We all probably have electronics laying around our house that are either super outdated or completely broken and therefore, useless. Though it may be fun to occasionally dig them out and reminisce over the good times, the truth is you could be making money (back) from your junk.
If you find yourself needing a little extra money or in the spring cleaning mood, make sure to consider the following options when deciding what to do with your discarded electronics.
Obviously if your electronics are broken, you won’t be able to get as much money for them compared to still functioning (but maybe old) gadgets. Even then, it is still better than throwing them in the trash, as there may be some reusable parts from which you can make a little spare change.
Selling broken electronics is better than trashing or recycling them!
Table of Contents
Before we get to the useless and broken stuff, if your item works then the best place to sell it is Decluttr. They make it super simple to sell almost anything electronic (cell phones, CDs, DVDs, games, books, Legos, etc). You put in the barcode (or search if it doesn’t have a bar code, like your cell phone) and they will give you an offer immediately.
Next, just mail the item to them and they send you the money. Boom. Done.
They pay almost immediately, there are no auction fees, they have a pre-printed insured shipping label, and I’ve had great experiences with them.
I sold an old iPhone 6 this way (and then my iPhone 8 years later) and the only way I could’ve gotten more for it is if I risked dealing with a private party on eBay. I wasn’t willing to go to the effort of listing it, dealing with a buyer (and potential scammers), and the allure of just mailing it with a pre-printed label was too good!
SellCell is a marketplace for selling your old phone (and other electronics) – they compare prices from over thirty five companies to get you the best price on your sale. I recently put up my iPhone 8 128GB phone and they shared that you could get up to $141 for it from ItsWorthMore – a site I’d never heard of.
One of the benefits of using SellCell is that they have made deals with certain sites to give you an extra 5% or more on your trade-in. It’s something you may not be able to get on your own.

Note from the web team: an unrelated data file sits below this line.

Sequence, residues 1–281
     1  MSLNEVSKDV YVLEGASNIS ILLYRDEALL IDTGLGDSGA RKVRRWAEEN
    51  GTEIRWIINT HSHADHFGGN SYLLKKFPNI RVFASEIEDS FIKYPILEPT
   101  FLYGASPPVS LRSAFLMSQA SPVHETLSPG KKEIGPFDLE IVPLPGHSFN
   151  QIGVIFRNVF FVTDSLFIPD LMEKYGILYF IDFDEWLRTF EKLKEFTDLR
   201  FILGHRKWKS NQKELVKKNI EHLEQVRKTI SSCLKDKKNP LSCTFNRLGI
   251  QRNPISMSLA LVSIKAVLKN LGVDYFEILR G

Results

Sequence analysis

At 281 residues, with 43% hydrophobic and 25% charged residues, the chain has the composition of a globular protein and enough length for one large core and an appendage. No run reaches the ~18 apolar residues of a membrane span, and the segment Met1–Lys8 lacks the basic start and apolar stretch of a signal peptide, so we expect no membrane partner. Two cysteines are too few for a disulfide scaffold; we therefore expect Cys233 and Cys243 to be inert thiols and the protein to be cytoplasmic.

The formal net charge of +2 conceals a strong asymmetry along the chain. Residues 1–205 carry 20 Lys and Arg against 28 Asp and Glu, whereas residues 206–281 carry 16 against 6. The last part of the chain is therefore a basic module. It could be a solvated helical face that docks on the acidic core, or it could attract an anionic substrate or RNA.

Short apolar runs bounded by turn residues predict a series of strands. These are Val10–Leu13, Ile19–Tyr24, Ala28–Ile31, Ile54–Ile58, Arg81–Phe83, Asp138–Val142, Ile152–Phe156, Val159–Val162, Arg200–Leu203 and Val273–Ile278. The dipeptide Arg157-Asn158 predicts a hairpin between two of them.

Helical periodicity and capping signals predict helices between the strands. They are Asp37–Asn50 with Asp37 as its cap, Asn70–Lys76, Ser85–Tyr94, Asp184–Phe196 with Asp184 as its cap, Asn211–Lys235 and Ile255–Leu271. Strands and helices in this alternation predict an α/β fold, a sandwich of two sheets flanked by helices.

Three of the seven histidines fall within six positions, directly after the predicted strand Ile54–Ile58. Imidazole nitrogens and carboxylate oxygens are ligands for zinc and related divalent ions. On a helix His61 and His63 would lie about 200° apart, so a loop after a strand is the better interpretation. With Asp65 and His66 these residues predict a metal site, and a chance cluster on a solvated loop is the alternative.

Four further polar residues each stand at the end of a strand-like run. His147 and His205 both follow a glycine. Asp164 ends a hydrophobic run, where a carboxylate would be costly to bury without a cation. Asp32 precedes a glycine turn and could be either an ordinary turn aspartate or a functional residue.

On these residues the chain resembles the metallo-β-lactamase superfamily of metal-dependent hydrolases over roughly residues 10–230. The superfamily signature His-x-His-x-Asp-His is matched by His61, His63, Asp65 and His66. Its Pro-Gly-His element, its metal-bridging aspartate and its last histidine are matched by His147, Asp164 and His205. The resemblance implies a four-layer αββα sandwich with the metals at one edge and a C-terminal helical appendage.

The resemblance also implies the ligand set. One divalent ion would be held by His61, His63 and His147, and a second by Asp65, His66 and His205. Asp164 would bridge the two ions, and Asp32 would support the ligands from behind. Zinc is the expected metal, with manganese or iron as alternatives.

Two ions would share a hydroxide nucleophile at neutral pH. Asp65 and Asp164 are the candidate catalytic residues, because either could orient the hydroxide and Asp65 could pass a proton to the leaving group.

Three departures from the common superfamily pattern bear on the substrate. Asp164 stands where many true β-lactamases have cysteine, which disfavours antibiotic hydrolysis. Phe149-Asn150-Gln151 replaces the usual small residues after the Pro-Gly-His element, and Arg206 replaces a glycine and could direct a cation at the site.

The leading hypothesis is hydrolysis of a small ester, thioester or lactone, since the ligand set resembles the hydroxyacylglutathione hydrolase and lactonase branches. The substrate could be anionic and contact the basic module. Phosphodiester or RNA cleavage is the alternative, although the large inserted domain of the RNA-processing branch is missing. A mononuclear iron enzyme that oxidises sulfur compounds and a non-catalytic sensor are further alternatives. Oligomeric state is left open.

If you want to sell a cell phone, I’d check them first to see if they’ve negotiated a higher rate.
ecoATM operates kiosks nationwide where you can deposit your broken or unwanted electronics in convenient locations for immediate cash back. They are usually located in shopping centers, strip malls, or other highly trafficked areas for ease of access. ecoATM acquired Gazelle in 2015, which helped them expand their presence into more geographic markets.
Not only does ecoATM purchase your useless electronics for cash, but they are also driven by an environmental mission, so you can feel good about selling your electronics back versus dumping them in the landfill. In fact, ecoATM was started to address the issue of throwing away electronics when they become obsolete. They incentivize recycling by giving cash back to the consumer.
While you may be able to get more money for your electronics elsewhere, the appeal of ecoATM is it’s convenience. You don’t have to do much work as far as marketing your product for sale or paying shipping costs to send them to someone (if you’re not meeting in person). You can just drop them off at the kiosk, which takes maybe a few minutes of your time.
This is a great option if you aren’t concerned about squeezing the most amount of money possible out of the item, and just getting rid of it.
GreenBuyback.com is a website that will buy your used and/or broken electronics from you. When you go to the site, you will be prompted to select what type of electronic you would like to sell. They will purchase anything from smartphones to gaming consoles and even some wearables. Once you identify which product you have and fill out necessary information regarding its condition, you will receive a quote. There is also an option to sell in bulk if you contact the GreenBuyback team.
When you click “Checkout,” you will be prompted to fill out your address and payment method (PayPal or check in the mail). The great thing is, you don’t have to pay for shipping! GreenBuyback will generate a shipping label for you to place on the package so you can just stick it in the mail. Once they receive the item, they will then process your payment according to your selected preference.
Given the company pays for shipping, this option is quite convenient as well.
GadgetScouter doesn’t buy your phone or tablet directly, but they are a price comparison tool that compiles quotes from 20-30 vendors who will.
Once you fill out the necessary details regarding your gadget, they will search a number of sites and let you know which is offering the best price. If you care about getting a higher price over the convenience of just dropping off your device (in a kiosk or in the mail), this may be the solution for you.
For example, when I input my device details into GreenBuyback.com’s tool, I received a quote of $75.00 for my 16GB iPhone 5s on the Verizon network. However, when I input the same exact details into GadgetScouter, the site that offered the highest was BuyBackWorld at $86.00.
GadgetScouter is basically Priceline for used electronics. It is just an aggregator, so the terms of the sale are still going to be up to the discretion of the end company that you choose to sell your device to.